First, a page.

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Hilary Mantel and the duchess’s new clothes

I was present for the author's so-called "attack" on the Duchess of Cambridge. It was nothing of the sort.

"Venomous" was how the Daily Mail chose to describe Hilary Mantel’s so-called attack on the Duchess of Cambridge, in which the celebrated, Booker-winning author supposedly dismissed Kate Middleton as a “plastic princess”. Other papers joined in, and even the Prime Minister clucked disapprovingly. Mantel’s words were, he said, “hurtful” and “completely wrong”. The crime that inspired all this outrage? Mantel delivered an hour-long lecture on 4 February, since republished in the London Review of Books, on the subject of “royal bodies” and dared to wonder whether Britain should still have a monarchy.

Not only was the lecture, running to some 5,500 words, a subtle and precise exploration of the subject (I was present for it) but it was in no way venomous. I sat in the audience that evening marvelling at Mantel’s knowledge of her subject and the honesty of her argument. As in her fiction, she was incisive to the point of cruelty and expected her listeners to keep up with her; as she told the New Statesman’s Sophie Elmhirst last year, “You simply cannot run remedial classes for people on the page.” But she was never malicious.

Sadly, it’s not unusual for someone with a complex and nuanced set of ideas to have their words slyly twisted after the fact. Yet what is interesting about Mantel’s case is that it was done in a way that demonstrated exactly the point she was making.

Her central thesis was concerned with how we scrutinise and sacrifice our royal women. Discussing Marie Antoinette, Anne Boleyn, the Queen, Diana and the Duchess of Cambridge, she advanced a hypothesis for how royal women’s public personas are constructed and sustained entirely from the outside. It was in this context that she described Kate as “a jointed doll on which certain rags are hung” and spoke of the duchess’s “only point and purpose being to give birth”.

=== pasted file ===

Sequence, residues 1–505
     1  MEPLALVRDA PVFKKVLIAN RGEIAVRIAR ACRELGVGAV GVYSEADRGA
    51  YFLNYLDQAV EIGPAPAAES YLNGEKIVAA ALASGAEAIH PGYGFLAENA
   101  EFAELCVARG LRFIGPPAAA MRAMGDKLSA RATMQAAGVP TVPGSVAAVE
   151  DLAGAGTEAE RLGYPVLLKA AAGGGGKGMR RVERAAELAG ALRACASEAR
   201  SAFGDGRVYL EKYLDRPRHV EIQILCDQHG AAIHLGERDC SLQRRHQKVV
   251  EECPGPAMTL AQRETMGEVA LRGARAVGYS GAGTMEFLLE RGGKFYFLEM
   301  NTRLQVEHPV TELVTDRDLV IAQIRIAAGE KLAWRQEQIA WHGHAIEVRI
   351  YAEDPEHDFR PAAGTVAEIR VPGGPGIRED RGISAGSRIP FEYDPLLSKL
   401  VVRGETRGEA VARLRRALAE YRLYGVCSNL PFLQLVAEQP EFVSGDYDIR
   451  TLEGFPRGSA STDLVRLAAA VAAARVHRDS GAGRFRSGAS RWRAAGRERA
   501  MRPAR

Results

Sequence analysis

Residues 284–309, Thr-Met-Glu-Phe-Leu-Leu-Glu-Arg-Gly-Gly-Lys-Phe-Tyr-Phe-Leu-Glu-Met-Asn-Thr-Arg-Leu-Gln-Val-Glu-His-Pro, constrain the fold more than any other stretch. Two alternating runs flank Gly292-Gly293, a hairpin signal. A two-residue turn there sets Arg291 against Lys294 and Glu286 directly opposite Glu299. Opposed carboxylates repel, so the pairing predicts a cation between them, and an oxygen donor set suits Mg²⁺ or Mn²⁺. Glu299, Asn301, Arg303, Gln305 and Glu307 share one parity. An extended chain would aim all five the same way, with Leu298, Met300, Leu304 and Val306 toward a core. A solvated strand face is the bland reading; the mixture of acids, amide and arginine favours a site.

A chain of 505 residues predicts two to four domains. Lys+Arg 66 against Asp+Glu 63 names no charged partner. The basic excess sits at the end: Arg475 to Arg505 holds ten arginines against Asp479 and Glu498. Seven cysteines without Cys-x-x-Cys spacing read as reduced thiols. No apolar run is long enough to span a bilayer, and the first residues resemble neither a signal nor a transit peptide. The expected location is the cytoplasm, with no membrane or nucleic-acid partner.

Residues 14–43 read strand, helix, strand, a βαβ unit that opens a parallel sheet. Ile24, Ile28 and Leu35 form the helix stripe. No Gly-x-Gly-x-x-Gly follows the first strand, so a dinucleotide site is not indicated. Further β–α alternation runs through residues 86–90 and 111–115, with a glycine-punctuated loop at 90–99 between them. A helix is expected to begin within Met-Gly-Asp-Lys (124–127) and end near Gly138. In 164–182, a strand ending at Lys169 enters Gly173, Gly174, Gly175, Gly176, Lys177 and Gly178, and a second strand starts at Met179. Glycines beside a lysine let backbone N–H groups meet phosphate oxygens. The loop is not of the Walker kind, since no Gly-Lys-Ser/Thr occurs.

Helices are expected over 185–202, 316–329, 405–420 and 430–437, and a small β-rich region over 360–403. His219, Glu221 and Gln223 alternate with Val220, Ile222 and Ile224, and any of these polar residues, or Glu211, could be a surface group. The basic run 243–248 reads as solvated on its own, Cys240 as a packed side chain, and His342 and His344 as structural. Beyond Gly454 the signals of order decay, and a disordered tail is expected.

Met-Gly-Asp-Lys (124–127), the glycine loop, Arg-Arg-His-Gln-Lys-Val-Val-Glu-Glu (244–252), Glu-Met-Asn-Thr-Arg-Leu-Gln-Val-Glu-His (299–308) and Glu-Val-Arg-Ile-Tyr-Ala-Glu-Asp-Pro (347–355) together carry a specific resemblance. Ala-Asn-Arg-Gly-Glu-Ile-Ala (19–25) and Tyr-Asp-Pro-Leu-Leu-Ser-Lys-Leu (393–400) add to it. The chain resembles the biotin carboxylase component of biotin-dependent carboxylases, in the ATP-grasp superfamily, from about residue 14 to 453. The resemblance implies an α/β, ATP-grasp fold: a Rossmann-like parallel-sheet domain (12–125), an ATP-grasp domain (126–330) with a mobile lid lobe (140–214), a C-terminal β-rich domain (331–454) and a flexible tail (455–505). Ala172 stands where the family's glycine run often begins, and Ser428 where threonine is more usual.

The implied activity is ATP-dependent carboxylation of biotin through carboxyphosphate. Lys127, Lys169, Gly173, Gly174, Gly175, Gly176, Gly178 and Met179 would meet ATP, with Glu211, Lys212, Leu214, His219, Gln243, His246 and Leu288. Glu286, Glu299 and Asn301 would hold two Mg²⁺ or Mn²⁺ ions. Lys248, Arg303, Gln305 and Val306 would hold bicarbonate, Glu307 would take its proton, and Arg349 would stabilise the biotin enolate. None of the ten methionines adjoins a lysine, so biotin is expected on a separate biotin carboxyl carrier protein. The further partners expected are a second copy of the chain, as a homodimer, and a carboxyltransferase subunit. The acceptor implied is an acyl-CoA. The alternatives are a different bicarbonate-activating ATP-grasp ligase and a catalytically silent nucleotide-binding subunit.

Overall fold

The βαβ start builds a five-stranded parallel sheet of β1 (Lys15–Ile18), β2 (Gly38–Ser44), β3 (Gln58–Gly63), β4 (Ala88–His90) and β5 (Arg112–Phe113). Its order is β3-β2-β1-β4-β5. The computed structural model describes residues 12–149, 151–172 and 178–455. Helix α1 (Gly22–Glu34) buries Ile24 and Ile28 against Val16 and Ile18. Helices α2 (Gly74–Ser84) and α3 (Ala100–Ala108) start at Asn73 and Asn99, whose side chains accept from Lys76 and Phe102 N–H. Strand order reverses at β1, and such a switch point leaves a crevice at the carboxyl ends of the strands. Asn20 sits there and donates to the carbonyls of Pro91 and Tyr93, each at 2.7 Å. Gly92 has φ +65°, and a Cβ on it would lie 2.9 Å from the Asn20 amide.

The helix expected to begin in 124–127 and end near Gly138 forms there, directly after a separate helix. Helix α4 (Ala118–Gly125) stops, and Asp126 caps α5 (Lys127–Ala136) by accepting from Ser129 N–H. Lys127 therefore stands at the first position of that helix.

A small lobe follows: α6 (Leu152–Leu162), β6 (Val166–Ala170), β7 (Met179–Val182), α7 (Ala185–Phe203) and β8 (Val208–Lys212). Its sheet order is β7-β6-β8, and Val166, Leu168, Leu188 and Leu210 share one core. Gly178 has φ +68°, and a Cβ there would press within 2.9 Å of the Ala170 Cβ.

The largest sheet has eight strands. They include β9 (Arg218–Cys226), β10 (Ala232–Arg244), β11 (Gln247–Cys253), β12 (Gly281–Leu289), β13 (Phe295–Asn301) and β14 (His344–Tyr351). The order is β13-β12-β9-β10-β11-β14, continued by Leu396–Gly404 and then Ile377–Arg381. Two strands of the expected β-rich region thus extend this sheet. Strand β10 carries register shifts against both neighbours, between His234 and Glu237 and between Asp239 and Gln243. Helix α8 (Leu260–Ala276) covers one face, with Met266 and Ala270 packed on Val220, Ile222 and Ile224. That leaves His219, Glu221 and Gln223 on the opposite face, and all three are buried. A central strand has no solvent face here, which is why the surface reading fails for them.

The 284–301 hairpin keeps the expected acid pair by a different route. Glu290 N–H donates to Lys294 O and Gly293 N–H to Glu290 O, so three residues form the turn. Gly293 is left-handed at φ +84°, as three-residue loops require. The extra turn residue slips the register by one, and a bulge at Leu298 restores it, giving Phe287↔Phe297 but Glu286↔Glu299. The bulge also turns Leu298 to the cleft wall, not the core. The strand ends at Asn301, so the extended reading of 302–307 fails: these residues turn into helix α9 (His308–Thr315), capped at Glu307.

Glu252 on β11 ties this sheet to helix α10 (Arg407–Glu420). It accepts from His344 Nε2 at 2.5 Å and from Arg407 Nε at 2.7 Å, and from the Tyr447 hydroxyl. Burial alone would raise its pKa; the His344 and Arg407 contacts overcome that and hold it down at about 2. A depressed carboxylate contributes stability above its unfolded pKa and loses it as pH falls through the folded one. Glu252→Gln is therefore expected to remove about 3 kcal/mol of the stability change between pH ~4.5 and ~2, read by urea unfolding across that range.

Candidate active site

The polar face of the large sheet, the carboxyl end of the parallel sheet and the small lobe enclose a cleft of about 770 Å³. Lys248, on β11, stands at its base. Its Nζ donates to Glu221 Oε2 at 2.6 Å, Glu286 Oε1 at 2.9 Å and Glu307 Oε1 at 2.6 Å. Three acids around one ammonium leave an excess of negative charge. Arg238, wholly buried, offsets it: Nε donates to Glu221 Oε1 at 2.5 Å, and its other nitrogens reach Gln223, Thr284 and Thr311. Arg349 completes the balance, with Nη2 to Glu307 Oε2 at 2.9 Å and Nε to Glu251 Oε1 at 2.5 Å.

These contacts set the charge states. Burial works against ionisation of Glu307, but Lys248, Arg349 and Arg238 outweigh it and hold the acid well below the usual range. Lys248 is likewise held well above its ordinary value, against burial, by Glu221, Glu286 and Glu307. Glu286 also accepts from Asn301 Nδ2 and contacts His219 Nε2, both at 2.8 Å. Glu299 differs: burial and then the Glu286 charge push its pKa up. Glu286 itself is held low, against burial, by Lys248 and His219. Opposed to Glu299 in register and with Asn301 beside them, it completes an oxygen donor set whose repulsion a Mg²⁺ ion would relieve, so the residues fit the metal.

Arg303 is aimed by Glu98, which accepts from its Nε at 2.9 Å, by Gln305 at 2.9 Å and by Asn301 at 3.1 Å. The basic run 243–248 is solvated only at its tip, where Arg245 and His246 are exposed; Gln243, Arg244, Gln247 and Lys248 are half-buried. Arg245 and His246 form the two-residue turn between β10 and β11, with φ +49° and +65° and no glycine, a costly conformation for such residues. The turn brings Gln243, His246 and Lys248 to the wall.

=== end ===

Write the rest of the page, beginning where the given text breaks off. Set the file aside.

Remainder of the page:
Like it or not, royal women have always been wombs on legs. We just now happen to live in an age in which it is finally becoming unacceptable to consider any woman, royal or otherwise, as an ambulatory incubator for future children. In spite of this, the essential purpose of royal womanhood remains unchanged – it is the tension between the two that Mantel was exploring.

It’s hard to accept the outrage about Mantel’s “hurtful attack”, coming as it does from the same media outlets that daily train their cameras on the duchess’s stomach, revelling voyeuristically in any hint of rotundity. Royal women are and always have been a vehicle for our petty prejudices and problems, and in the case of the Duchess of Cambridge much of this emanates from the very publication that was so eager to traduce Mantel. However, as befits her calm and lucid lecturing style, she didn’t point fingers or name names. She has more class than that.

Caroline Crampton is web editor of the New Statesman.

This article first appeared in the 25 February 2013 issue of the New Statesman, The cheap food delusion

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Is anyone prepared to solve the NHS funding crisis?

As long as the political taboo on raising taxes endures, the service will be in financial peril. 

It has long been clear that the NHS is in financial ill-health. But today's figures, conveniently delayed until after the Conservative conference, are still stunningly bad. The service ran a deficit of £930m between April and June (greater than the £820m recorded for the whole of the 2014/15 financial year) and is on course for a shortfall of at least £2bn this year - its worst position for a generation. 

Though often described as having been shielded from austerity, owing to its ring-fenced budget, the NHS is enduring the toughest spending settlement in its history. Since 1950, health spending has grown at an average annual rate of 4 per cent, but over the last parliament it rose by just 0.5 per cent. An ageing population, rising treatment costs and the social care crisis all mean that the NHS has to run merely to stand still. The Tories have pledged to provide £10bn more for the service but this still leaves £20bn of efficiency savings required. 

Speculation is now turning to whether George Osborne will provide an emergency injection of funds in the Autumn Statement on 25 November. But the long-term question is whether anyone is prepared to offer a sustainable solution to the crisis. Health experts argue that only a rise in general taxation (income tax, VAT, national insurance), patient charges or a hypothecated "health tax" will secure the future of a universal, high-quality service. But the political taboo against increasing taxes on all but the richest means no politician has ventured into this territory. Shadow health secretary Heidi Alexander has today called for the government to "find money urgently to get through the coming winter months". But the bigger question is whether, under Jeremy Corbyn, Labour is prepared to go beyond sticking-plaster solutions. 

George Eaton is political editor of the New Statesman.